Thursday, April 8, 2010

U.K. Patient Has One More Question: How Would I Go About Egg Donation?


Dr. Ramirez,

I see that having an operation to fix my tubes would be useless.

My last question concerns egg donation-If I decide (after 1 or more IVFs) that my only option is to try egg donation could you please tell me what I should be considering when I choose a clinic. I have heard that in Valencia, Spain there is a clinic that is connected with the local university and only uses young women, mostly students, to donate eggs after they have been thoroughly screened. Have you heard of this particular clinic? I understand that you cannot recommend a particular clinic.

Most importantly, what should I be making sure is involved in the egg donation operation? Is there anything I can do to ensure that I have a better chance of success?

I can't thank you enough for all your advice. Sincerely, P. from the U.K.


Hello again,

I cannot give any information regarding the clinic in Spain, as I have no contacts in that country. I have heard of an organization recently called Global IVF & I think it might be a good place to start (

In terms of finding a clinic, you would need to find a good IVF center. It is one that does an adequate number of IVF cycles per year with good published results. You should in particular examine the Donor IVF pregnancy rates. In the U.S., these rates are over 60% per cycle.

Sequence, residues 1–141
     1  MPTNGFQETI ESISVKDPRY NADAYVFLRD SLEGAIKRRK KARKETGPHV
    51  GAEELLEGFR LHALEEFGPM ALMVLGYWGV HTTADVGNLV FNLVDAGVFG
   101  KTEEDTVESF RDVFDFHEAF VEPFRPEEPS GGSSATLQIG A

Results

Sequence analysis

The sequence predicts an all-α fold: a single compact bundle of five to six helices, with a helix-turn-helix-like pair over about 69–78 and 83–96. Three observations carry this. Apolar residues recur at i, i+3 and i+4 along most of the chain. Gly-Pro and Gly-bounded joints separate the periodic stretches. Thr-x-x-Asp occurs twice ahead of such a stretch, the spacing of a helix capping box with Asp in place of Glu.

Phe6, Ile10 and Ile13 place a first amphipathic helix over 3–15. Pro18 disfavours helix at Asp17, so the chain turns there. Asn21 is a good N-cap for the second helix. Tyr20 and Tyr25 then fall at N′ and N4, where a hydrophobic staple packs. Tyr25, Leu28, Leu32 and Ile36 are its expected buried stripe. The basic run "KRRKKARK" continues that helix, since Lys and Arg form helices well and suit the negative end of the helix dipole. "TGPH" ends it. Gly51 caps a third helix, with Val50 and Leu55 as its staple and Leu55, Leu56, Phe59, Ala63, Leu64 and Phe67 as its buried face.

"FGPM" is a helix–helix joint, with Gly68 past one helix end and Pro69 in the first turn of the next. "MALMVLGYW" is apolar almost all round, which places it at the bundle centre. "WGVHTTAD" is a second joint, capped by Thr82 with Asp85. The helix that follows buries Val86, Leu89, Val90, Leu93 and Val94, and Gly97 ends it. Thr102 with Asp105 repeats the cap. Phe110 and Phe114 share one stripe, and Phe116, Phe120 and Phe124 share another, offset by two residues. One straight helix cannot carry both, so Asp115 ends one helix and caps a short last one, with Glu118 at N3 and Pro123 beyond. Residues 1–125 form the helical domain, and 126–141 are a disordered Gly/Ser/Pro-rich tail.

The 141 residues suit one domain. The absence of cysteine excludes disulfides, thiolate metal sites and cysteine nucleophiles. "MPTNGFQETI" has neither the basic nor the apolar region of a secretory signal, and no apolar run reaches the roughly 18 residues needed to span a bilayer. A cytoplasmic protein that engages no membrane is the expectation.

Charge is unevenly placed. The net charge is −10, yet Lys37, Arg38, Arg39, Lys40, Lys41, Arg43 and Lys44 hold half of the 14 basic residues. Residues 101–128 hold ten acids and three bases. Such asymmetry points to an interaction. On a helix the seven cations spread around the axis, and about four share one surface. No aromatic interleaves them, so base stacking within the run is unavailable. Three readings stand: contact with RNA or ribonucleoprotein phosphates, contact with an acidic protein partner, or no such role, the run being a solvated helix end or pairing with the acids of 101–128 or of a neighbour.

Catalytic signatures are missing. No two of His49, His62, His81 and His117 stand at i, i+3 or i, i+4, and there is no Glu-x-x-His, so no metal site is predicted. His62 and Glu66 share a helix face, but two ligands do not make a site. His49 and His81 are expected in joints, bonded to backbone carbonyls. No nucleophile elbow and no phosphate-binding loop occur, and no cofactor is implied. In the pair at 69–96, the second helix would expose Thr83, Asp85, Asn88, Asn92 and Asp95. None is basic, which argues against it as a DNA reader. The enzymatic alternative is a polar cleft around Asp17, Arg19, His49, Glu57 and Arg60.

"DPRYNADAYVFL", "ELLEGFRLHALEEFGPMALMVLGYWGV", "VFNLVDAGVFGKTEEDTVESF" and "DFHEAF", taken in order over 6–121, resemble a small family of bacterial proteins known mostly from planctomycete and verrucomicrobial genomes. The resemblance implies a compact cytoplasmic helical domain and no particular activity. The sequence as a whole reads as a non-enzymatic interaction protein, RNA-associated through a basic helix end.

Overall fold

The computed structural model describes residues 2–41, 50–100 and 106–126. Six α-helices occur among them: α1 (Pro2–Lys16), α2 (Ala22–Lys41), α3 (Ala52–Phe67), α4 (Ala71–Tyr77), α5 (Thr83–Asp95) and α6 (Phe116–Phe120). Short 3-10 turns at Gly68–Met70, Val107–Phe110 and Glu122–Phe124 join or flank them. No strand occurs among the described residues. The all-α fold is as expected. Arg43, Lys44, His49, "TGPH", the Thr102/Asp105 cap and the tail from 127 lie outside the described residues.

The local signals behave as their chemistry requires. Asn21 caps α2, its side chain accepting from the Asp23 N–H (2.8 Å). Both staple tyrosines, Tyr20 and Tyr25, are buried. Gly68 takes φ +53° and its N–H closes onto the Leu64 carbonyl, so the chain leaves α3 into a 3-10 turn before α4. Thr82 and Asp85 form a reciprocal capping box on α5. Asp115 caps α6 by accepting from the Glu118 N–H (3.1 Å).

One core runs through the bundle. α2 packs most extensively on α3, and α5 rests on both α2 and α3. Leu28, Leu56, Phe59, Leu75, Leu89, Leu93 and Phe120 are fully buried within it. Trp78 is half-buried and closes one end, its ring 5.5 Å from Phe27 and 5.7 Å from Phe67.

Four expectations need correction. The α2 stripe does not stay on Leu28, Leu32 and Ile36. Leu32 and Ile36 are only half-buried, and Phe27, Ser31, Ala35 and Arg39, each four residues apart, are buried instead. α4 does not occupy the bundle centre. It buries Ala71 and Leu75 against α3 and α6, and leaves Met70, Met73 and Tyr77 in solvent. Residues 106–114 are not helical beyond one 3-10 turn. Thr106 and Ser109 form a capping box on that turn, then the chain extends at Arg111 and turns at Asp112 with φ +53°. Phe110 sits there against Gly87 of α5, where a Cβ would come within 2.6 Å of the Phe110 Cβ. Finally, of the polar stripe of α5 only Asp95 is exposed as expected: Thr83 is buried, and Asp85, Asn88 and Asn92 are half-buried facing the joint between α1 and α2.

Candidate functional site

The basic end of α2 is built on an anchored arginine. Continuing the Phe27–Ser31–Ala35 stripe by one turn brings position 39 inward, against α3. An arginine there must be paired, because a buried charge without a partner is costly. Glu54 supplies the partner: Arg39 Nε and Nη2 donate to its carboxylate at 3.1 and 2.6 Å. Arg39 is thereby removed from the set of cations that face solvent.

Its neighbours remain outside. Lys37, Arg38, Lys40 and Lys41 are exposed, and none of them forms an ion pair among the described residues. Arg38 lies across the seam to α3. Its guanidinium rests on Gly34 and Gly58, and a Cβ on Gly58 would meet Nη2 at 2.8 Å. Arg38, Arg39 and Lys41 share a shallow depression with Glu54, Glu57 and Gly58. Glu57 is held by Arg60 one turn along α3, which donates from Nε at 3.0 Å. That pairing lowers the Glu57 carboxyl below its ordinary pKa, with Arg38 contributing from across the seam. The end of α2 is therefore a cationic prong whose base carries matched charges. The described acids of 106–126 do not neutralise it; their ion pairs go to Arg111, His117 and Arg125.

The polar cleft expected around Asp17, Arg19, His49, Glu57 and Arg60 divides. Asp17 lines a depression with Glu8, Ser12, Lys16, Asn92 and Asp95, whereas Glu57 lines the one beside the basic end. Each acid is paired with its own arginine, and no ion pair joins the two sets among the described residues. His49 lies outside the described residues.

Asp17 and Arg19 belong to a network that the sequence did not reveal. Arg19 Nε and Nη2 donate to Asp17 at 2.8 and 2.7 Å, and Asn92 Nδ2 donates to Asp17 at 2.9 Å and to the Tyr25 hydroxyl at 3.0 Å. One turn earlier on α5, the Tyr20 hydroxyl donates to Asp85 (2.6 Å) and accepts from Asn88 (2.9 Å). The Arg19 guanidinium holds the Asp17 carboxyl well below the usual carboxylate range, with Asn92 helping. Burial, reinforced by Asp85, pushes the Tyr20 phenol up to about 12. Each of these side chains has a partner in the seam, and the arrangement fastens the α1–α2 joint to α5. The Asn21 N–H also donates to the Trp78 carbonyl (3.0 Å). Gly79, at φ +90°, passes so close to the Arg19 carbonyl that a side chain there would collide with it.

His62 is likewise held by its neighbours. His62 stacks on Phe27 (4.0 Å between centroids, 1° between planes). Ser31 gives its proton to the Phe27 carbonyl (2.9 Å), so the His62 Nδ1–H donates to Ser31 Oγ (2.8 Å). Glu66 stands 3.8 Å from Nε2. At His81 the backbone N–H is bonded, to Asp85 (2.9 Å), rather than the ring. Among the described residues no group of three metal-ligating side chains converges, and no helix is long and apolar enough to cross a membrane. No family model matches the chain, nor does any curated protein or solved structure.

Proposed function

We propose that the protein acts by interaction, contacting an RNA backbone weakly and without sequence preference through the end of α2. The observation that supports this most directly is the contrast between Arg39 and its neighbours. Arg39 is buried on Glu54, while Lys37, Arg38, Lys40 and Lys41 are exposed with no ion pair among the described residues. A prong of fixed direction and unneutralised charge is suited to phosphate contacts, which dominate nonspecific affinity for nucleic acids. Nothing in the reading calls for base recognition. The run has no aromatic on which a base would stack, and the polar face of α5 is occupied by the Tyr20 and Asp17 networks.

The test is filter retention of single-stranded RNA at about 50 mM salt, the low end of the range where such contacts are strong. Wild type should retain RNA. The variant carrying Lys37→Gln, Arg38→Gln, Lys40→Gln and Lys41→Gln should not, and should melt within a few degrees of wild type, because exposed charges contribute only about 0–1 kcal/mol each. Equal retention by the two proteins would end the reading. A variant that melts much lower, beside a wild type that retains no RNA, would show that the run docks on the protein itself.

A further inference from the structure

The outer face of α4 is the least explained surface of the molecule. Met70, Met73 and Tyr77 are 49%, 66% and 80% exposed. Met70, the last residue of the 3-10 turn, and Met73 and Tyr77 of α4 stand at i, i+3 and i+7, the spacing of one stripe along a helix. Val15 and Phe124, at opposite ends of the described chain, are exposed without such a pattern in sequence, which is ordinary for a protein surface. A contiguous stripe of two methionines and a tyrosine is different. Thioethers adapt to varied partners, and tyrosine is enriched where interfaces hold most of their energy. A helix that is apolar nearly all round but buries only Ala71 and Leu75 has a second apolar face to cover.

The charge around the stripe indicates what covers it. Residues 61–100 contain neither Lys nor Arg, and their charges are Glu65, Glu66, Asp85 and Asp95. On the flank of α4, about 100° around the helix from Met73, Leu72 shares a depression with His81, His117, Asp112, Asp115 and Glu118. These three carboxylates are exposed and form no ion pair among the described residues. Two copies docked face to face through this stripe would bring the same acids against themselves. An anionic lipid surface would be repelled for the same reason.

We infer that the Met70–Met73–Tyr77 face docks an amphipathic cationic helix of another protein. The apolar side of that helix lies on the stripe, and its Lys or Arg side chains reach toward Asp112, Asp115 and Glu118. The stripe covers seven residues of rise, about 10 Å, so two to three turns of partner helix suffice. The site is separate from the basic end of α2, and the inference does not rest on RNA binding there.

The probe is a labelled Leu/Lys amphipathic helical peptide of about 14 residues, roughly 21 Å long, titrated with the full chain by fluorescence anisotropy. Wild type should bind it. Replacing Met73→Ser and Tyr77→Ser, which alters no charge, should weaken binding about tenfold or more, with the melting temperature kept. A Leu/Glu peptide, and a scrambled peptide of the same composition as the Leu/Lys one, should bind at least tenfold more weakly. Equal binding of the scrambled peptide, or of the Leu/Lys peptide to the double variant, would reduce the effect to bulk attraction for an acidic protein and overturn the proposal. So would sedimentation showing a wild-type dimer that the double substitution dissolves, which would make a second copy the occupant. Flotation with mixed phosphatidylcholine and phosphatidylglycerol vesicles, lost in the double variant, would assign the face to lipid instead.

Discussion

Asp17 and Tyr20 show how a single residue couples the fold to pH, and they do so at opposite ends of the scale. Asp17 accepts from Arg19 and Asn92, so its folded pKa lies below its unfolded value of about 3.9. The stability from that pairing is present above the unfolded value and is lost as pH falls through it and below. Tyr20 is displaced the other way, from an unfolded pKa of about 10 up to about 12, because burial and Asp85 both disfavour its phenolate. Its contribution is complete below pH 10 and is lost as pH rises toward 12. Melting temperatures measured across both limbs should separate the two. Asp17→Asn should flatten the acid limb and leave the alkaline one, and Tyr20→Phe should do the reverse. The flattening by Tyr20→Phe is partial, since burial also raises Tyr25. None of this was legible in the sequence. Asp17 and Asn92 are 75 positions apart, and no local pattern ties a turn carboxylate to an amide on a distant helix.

Donors can be obtained from three sources: (1) someone you know or find, like a sibling, friend, acquaintance, etc., (2) a donor registered with the IVF clinic or (3) through a donor agency. Usually the costs increase from source 1 to 3. Almost all clinics or agency recruit donors that are under the age of 33, so I would not consider one older that that age, unless it were someone you personally knew, like a sister. In addition, if the donor had proven fertility such as a previous pregnancy, or previous successful donor IVF cycle, then that would be preferential as well. In the US, we have strict rules regarding eligibility and medical history for donors. They are extensively tested to make sure that they don't have any transmittable diseases or genetic diseases. I don't know about Spain.

In the US, donors are usually selected by the recipient, and not by the clinic. I have had information from other European couples that they have to choose the donor the clinic provides, and have no choice. In the U.S., the donors have a full profile, including pictures for you to choose from. Many patients like to choose someone with the same characteristics, background, education, etc. However, the more criteria you have, the more difficult it becomes to find an appropriate donor.

I hope that gives you the information that you need.

Good Luck, your questions are all relevant ones and I hope you continue to inquire of your physicians as much as you need to!

Edward J. Ramirez, M.D., FACOG
Executive Medical Director
The Fertility and Gynecology Center
Monterey Bay IVF Program
Monterey, California, U.S.A.

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